ThinkingPhones Buys Contactive to Bring Better Caller ID to Business
It seems like decades since Caller ID—that humble but useful improvement to old-school landline telephones—felt high-tech and cutting-edge. But ThinkingPhones, a Cambridge, MA-based communications software company, thinks Caller ID has a future, and that new technology can give it new life. That’s why the company just bought Contactive, a New York City-based big data startup, for an undisclosed price. The companies announced the deal Wednesday.
ThinkingPhones makes software that manages phone calls, video conferences, text messages, and collaboration apps through a cloud-based platform that’s optimized for mobile phones. It also has other capabilities, like linking to business apps and tracking how fast employees return calls and how much time they spend talking with customers.
Co-founder and CEO Steve Kokinos said his company wants to be the one enterprises turn to when they replace aging communications systems that are based around phones on employees’ desks with new systems that incorporate employees’ smartphones and mobile devices. He believes Contactive will give ThinkingPhones an edge.
Contactive has created two apps it calls “Caller ID on steroids”: Contactive’s namesake consumer app for Android users, which the company says has more than 1 million users, and Klink, the more powerful enterprise version of that app.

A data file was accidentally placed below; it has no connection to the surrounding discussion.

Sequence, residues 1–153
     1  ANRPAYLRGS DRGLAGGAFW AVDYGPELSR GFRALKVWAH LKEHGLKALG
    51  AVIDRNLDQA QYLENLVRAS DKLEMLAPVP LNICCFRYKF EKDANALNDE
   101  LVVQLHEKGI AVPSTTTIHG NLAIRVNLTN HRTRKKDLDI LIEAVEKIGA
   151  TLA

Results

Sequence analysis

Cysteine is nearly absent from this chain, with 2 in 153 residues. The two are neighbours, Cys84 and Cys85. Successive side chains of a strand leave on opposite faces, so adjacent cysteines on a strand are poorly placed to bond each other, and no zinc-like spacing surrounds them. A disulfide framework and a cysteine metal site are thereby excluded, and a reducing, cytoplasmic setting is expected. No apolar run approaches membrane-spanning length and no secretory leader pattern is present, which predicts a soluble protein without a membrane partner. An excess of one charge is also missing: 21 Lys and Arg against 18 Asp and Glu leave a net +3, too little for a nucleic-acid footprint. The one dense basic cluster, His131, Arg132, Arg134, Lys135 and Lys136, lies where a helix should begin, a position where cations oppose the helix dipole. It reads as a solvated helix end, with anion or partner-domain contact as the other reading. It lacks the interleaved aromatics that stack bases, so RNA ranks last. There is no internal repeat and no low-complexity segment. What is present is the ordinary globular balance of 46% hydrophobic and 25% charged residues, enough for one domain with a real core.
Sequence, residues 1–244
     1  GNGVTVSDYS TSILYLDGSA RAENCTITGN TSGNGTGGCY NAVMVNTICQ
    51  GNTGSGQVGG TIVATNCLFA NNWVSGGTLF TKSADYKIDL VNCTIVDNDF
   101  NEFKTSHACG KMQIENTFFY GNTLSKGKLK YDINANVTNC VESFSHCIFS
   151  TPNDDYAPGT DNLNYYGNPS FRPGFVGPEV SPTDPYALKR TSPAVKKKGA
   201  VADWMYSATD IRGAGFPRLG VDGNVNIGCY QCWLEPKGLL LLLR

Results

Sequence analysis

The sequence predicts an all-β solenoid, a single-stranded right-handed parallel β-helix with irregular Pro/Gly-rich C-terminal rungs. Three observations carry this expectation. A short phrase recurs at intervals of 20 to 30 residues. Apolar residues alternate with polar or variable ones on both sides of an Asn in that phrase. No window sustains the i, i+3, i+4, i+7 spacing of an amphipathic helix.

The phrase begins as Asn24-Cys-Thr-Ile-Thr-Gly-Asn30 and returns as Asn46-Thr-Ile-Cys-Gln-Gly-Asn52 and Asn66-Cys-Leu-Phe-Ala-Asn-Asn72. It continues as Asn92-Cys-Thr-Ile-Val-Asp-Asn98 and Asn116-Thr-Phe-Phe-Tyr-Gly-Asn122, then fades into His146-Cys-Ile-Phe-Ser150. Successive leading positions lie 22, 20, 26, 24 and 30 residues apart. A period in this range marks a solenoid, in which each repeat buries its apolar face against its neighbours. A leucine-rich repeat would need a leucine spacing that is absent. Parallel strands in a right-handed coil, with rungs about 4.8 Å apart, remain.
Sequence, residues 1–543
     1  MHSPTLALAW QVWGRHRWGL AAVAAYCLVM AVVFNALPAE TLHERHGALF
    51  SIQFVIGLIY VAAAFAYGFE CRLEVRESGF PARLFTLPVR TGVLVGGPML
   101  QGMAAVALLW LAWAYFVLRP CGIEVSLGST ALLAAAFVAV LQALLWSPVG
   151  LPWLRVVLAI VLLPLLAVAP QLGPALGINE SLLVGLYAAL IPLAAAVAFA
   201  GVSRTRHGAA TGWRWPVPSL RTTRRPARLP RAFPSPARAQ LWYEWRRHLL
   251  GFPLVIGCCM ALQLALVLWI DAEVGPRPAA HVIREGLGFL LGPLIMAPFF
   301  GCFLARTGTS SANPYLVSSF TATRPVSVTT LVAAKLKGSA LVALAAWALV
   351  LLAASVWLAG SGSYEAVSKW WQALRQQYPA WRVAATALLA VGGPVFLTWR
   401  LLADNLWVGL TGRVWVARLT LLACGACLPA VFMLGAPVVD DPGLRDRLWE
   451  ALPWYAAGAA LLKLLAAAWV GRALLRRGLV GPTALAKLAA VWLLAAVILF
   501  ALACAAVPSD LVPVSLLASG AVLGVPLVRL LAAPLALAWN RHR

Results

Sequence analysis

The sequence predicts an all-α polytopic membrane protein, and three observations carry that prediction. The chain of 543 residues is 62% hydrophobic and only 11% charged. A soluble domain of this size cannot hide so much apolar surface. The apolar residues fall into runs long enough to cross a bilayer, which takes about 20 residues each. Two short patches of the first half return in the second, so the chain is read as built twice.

Contactive says its apps can identify more than 600 million callers by automatically doing searches for phone numbers and names on Google, in public directories, and in social networks. After scouring the Internet, it compiles the information and provides it to users before they answer calls.
The key to Contactive isn’t just identifying callers, Kokinos said, but that it quickly provides important information about callers, like their LinkedIn profiles, recent tweets, links to past e-mail exchanges, or records from Salesforce. Klink can go a few steps farther by bringing up current sales date, updating contact records, and logging calls.
So the new capabilities go far beyond saying who is on the line.
“It’s really about bringing context to communications, and the idea that when somebody calls you, it’s not just about the phone number and if it’s in your contacts or not, it’s about being able to pull from all sorts of data sources across the cloud ecosystem,” Kokinos said. “It will enhance the experience of end users by helping them understand what’s going on around them.”
In December, ThinkingPhones said it raised a $56 million Series D round. Kokinos said that money will be used to pay for expansion efforts as the company adds to sales and marketing and research and development efforts.
Acquiring Klink was an opportunistic move that wasn’t related to the round, Kokinos said.
“We see this as really complementary to our vision, an enhancement to the work we’ve already been doing,” Kokinos said. “I think their approach is definitely unique and something we thought was compelling.”
All told, ThinkingPhones has raised $89 million since its founding in 2006. It employs about 250 people and wants to double by the end of the year.
The market for unified communications products and services could be tens of billions per year, and it’s a field Kokinos thinks is ready for the taking. He points out only 5 percent of companies larger than 250 employees have shifted to cloud-based communications systems. The largest players in the sector are incumbents like Cisco and Avaya, which Kokinos believes are wedded to hardware-based systems that are falling behind what the cloud can offer.